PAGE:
This afternoon I opened my eyes long enough to discover that I was dead. I am joyless, hopeless, and, it is entirely possible, depressed. I have placed my hope and found my joy in entirely the wrong places. No person has the strength to sustain me.
. . . . .
I won't bore you with the litany of problems that I am either truly or imaginatively weighed down by. But right now, with a double ear infection (Swimmer's Ear) that hurts like the dickens - which, in consequence, has given me four or five consecutive nights with very little sleep due to the pain - I find myself to be someone whom I do not like very much.
Monday, Laura went back to school. Tuesday, Sophie and Anna will be in school (second grade and kindergarten). This week it is just me, the kids, and my Swimmer's Ears. I've had no patience with my children, even though they have no one else to be patient with them.
I've had no desire to do anything, really. I only wish I could wake up from, what has become, a strange distortion of what I thought life was.
Last week, we had our family vacation in Nags Head. The picture was taken Sunday morning before we left. Anna appears wistful in the picture, though it is, perhaps, only my projection onto her.
I wish I could say the beach trip was relaxing and generally incredible, but I'd be lying. The anticipation of the trip was far better than the actual trip. I would take the anticipation over the trip any day. It was the family's Christmas present this year from my parents. Honestly, far more than they could afford, but we appreciate their generosity and have been looking forward to the trip for nine months or more.
I expected a lot from the trip - I anticipated a lot to happen relationally more than anything. I'm close to my family and love spending time with them. But this trip was not a "close" trip, or at least it didn't seem so to me. Time was when we got together we'd stay up late each night playing Trivial Pursuit and talking. This trip saw everyone going to their rooms by roughly 9:30 each night. There was a felt distance among us. And I imagine I am to blame for some of it.
One of the conversations that did not happen, that I desperately needed to happen, was the Catholic conversation. I did not want to spend the entire week talking about Catholicism, by no means. But this is the first time I've been face-to-face with family (an evangelical family) since my conversion to Catholicism. I expected it to come up. It didn't.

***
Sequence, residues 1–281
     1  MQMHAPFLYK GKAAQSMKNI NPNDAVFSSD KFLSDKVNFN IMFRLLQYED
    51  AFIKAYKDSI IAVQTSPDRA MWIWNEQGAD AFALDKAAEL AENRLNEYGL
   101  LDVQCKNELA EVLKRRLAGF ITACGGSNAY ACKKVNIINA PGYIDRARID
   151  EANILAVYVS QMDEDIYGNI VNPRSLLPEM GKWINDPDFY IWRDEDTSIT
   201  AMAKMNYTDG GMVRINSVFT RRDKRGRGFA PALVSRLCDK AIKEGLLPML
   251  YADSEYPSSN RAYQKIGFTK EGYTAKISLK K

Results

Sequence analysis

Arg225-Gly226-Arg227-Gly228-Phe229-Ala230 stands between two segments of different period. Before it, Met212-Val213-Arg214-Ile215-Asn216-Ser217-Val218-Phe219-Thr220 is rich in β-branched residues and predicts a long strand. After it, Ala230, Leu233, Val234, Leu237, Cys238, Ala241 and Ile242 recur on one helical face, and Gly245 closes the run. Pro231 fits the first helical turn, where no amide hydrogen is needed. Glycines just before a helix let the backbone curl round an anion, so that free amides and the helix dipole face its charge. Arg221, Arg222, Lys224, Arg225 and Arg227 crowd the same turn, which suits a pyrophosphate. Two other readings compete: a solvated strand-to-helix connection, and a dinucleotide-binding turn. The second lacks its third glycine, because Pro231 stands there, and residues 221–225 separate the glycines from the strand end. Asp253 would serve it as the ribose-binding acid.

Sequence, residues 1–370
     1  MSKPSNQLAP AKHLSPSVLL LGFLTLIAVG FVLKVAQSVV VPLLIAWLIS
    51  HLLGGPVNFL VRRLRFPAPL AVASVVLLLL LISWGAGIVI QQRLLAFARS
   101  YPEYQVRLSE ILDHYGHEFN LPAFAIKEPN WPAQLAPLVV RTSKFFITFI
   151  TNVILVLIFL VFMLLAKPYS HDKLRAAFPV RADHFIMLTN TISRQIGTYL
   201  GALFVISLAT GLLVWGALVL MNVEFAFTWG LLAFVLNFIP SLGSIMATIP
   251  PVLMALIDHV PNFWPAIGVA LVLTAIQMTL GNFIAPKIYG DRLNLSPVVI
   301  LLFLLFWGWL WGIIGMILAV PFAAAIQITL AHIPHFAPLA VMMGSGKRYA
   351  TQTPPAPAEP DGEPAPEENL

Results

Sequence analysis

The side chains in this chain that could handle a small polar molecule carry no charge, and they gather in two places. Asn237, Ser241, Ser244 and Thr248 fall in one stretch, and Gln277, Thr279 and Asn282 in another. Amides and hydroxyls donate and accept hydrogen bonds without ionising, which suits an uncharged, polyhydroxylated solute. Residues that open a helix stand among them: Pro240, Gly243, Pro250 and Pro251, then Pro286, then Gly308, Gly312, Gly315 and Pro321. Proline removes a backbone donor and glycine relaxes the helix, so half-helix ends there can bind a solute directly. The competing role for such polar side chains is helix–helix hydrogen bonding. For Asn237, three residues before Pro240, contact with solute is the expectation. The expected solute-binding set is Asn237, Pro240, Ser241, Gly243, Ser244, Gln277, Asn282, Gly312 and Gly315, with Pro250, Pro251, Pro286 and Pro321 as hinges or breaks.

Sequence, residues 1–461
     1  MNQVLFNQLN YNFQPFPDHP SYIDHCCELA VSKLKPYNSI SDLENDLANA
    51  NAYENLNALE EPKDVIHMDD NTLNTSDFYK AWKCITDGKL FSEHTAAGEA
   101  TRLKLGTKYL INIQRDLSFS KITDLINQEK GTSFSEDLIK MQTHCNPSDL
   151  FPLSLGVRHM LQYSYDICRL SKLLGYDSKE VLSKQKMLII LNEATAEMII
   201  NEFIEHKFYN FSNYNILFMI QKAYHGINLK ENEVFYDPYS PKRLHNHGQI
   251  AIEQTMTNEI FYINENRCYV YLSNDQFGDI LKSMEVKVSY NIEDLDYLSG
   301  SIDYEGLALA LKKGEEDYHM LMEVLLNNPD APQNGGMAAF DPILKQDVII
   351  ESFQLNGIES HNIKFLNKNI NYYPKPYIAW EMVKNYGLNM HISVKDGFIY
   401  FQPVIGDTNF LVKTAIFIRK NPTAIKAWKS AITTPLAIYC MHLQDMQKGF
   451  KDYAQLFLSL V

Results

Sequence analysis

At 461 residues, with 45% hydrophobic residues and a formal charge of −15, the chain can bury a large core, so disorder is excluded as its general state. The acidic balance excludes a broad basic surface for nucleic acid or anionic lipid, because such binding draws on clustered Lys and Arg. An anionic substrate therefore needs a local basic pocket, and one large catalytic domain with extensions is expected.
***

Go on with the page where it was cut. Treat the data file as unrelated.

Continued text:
My oldest brother, with whom I can usually talk for hours, was oddly distant, at least from me. We never really sat down and talked but maybe once or twice. Awkward.
Several times at mealtimes the old family prejudices were hung out in front of God and everyone - so I'm glad you were not there. I tried to stay quiet, but had to say something once or twice - by the time I spoke, I was angry enough to forestall any true conversation. And so I must apologize to them for my bluntness. But I hate to hear that kind of hatred, however passive, coming from my family, who proclaims Christ. (I am not trying to sound as if I smell of roses - I have my share of prejudgments that I routinely, though quietly, make. Lord, have mercy. And there were others at the table less-inclined to engage in the discussion.)
And so it went. Several hurtful comments were said to or about me, which I'd rather completely forget. Which I'm trying to completely forget.
My laptop was killed, which hasn't angered me nearly as much as I imagined it would (perhaps an indication of my world right now). My oldest daughter and I, by the end of the week, were suffering from Swimmer's Ear. And everything was so quiet. So quiet.
I did read two books my oldest brother brought by Ted Dekker: House, which Dekker co-wrote with Frank Peretti, and The Martyr's Song. The first two-thirds of House was fairly engaging, but right around Chapter 35, it all went to pot as thriller became conversion story. I hate that. There's really nothing worse, in my opinion, than a good yarn of one genre being yanked into a stilted tract - however creative. The Martyr's Song, however, is altogether different because, though fiction, it's a Christian story all along - and it's quite a powerful one at that. It had me crying through most of the hour or so that it took to read. A good, made-up martyr story. And while the fact that the martyr story is fiction only detracts from the total read fractionally. I think my wife felt it detracted more than me, but I found it quite moving.
. . . . .
And so this afternoon, I awoke for a moment, while reading Henri Nouwen, and realized that my joy and my hope have been misplaced. And because of the misplacement, I have become dead. I realized that the beautiful people around me were not made to sustain me. Reality, even a reality of which you are always intellectually aware, can be shockingly harsh.
It's been a rough few months, this waking-up process. I pray, and hope - I must hope in order to come alive again - that it is purposeful. It's as if God has opened up a divine can of Whup-Ass on me - and relationships have shifted. People treat me differently now, there's no denying it. Most, I believe, just feel awkward around me.
I pray someday that they will feel less awkward and more confident in their knowledge of who I am. But it may be a long road. It's worth it, though, for these relationships. I will wait for them gladly. In the meantime, I will begin to hope again.